If all investigations suggest that cancer can be removed in totality from body, then biopsy can be avoided in to minimize the risk of spillage of cancer cell during biopsy procedure.
There is variety of way to perform biopsies:
Fine Needle Aspiration (FAN) biopsy
Core Needle biopsy
- Fine needle aspiration (FNA) uses a very thin needle attached to a syringe to pull out small bits of tissue. The needle is guided into the tumor by looking at it using an imaging test, like an ultrasound or CT scan.
- The main advantage of FNA is that there is no need to cut through the skin, so there is no surgical incision.
- A drawback is that in some cases the needle can’t take out enough tissue for an exact diagnosis. A more invasive type of biopsy (one that involves larger needles or a cut in the skin) may then be needed.
Excisional or Incisional biopsy
- This type of biopsy uses a larger needle to take out a core of tissue and done under guidance of imaging test like an ultrasound or CT scan. The advantage of core biopsy is that it usually collects enough tissue to find out whether the tumor is cancer.
Know about Esophagus Surgery
Preparation for Surgery
- For these biopsies, the surgeon remove the entire tumor (excisional biopsy) or a small part of the tumor (incisional biopsy).
Our expert team members shall help you to prepare you for surgery. You are strongly advised to stop smoking, stop drinking alcohol, try to improve your diet, lose weight, or actively exercise before surgery.
In most cases, you will need some tests before your surgery. The tests routinely used include:
Anaesthetic Assessment before Surgery:
- Blood tests to measure your blood counts, your risk of bleeding or infection, and how well your liver and kidneys are working. Your blood group type is also be checked in case you need blood transfusions during the operation.
- Chest x-ray and ECG (electrocardiogram) to check your lungs and your heart’s electrical system.
- USG/CT scans/ MRI to look at the size and location of the tumors and see if the cancer looks like it has spread to nearby tissues.
Our expert team of Anaesthetist will ask you questions pertaining to your health and to assess your fitness for surgery. You are requested to tell them in detail about your current and past medical ailments, allergic reactions you’ve had in the past and current medicines that you are taking like blood thinning medicine. This medicine should be stopped 1 week prior to surgery.
Informed consent is one of the most important parts of “getting ready for surgery”. It is a process during which you are told about all aspects of the treatment before you give your doctor written permission to do the surgery.
Getting ready for Surgery
Depending on the type of operation you have, there may be things you need to do to be ready for surgery:
- Emptying your stomach and bowels (digestive tract) is important. Vomiting while under anaesthesia can be very dangerous because the vomit could get into your lungs and cause an infection. Because of this, you will be asked to not eat or drink anything starting the night before the surgery.
- Laxative: You may also be asked to use a laxative or an enema to make sure your bowels are empty.
- Shaving of Operative part: You need to have an area of your body shaved to keep hair from getting into the surgical cut (incision). The area will be cleaned before the operation to reduce the risk of infection.
Anaesthesia is the use of drugs to make the body unable to feel pain for a period of time. General anaesthesia puts you into a deep sleep for the surgery. It is often started by having you breathe into a face mask or by putting a drug into a vein in your arm. Once you are asleep, an endotracheal or ET tube is put in your throat to make it easy for you to breathe. Your heart rate, breathing rate, and blood pressure (vital signs) will be closely watched during the surgery. A doctor watches you throughout the procedure and until you wake up. They also take out the ET tube when the operation is over. You will be taken to the recovery room to be watched closely while the effects of the drugs wear off. This may take hours. People waking up from general anaesthesia often feel “out of it” for some time. Things may seem hazy or dream-like for a while. Your throat may be sore for a while from the endotracheal (ET) tube.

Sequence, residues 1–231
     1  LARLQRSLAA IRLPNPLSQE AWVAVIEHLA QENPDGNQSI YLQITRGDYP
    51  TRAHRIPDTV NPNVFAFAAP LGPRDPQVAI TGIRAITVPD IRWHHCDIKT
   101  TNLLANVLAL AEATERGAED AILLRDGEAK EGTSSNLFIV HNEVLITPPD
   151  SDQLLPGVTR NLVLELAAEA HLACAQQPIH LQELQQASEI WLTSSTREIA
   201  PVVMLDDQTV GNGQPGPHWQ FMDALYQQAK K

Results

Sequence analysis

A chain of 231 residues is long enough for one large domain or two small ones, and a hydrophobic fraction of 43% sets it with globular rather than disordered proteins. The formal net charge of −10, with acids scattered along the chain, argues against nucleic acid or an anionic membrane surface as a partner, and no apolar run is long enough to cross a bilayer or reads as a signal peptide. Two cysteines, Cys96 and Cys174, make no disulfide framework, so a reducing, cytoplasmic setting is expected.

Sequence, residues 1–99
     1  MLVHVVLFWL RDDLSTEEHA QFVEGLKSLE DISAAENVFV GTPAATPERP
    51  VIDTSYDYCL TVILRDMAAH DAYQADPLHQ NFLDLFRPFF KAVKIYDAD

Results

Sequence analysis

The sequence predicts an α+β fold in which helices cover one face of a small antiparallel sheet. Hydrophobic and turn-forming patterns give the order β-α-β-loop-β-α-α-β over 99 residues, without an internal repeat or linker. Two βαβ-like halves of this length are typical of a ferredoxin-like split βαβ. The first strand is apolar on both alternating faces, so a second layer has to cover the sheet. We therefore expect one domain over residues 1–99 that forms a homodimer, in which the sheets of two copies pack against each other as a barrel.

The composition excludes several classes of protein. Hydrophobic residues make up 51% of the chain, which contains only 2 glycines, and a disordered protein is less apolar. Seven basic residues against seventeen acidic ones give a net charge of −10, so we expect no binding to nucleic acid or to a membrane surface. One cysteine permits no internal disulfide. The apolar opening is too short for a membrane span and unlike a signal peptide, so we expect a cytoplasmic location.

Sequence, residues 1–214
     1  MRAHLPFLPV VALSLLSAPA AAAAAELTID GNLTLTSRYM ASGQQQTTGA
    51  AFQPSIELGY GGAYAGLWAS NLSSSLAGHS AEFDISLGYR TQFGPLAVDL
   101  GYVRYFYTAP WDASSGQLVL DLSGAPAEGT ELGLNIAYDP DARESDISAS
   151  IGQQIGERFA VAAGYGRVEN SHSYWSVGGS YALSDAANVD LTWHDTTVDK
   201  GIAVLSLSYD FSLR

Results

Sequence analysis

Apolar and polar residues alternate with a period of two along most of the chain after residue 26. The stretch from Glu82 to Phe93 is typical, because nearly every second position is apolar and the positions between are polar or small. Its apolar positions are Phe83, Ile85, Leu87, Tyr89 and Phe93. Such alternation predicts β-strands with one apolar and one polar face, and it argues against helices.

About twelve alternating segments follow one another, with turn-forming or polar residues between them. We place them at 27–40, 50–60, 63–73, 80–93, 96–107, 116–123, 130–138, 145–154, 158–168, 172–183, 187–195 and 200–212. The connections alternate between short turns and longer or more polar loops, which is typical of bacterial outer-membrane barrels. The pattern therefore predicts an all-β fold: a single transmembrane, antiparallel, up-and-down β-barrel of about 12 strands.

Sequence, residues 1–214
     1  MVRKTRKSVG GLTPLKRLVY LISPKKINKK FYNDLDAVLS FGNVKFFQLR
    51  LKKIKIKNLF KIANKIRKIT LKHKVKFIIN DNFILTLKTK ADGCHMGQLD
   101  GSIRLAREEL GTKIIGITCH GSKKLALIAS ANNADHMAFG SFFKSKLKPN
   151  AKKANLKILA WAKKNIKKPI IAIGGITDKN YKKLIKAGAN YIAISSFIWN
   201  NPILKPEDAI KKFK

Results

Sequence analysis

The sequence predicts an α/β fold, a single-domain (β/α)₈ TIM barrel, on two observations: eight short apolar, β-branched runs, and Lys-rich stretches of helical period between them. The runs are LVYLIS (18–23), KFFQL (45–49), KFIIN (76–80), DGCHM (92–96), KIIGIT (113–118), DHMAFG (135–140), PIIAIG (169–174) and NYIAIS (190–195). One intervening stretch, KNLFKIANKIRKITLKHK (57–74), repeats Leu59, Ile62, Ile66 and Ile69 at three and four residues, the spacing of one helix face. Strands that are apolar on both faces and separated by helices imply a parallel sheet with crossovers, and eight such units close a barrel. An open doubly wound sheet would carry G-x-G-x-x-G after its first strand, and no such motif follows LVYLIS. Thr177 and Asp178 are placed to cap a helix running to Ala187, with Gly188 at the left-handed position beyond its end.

Recovery from Surgery
Your recovery right after surgery depends on many factors, including your state of health before the operation and how extensive the operation was performed.
You may feel pain at the site of surgery. We aim to keep you pain free after surgery with the help of latest and most effective technique or analgesic (pain relieving medicine).
Leg Stocking / Compression boot
- You may also have Ryle’s Tube (tube going through nose to stomach) that drain out intestinal fluid. This tube helps to relieve nausea and vomiting after surgery and usually removed 1-2 day after surgery.
- You may also have “Tube” (called a Foley catheter) draining urine from your bladder into a bag. This will be taken out soon after surgery, once you are comfortable enough to go to bathroom.
- You may have a tube or tubes (called Drains) coming out of the surgical opening in your skin (incision site). Drains allow the excess fluid that collects at the surgery site to leave the body. Drain tube will also be removed once they stop collecting fluid, usually a few days after the operation.
As you are remains in bed on day of surgery, circulation of blood in leg become sluggish that may increase possibility of thrombo-embolism. To minimise it, you will be wearing leg stocking/ pneumatic compression boot to improve your leg circulation thus minimising the risk of thrombolism.
Eating and Drinking
You may not feel much like eating or drinking, but this is an important part of the recovery process. Our health care team may start you out with ice chips or clear liquids. The stomach and intestines (digestive tract) is one of the last parts of the body to recover from the drugs used during surgery. You will need to have signs of stomach and bowel activity before you will be allowed to eat. You will likely be on a clear liquid diet until this happens. Once it does, you may get to try solid foods.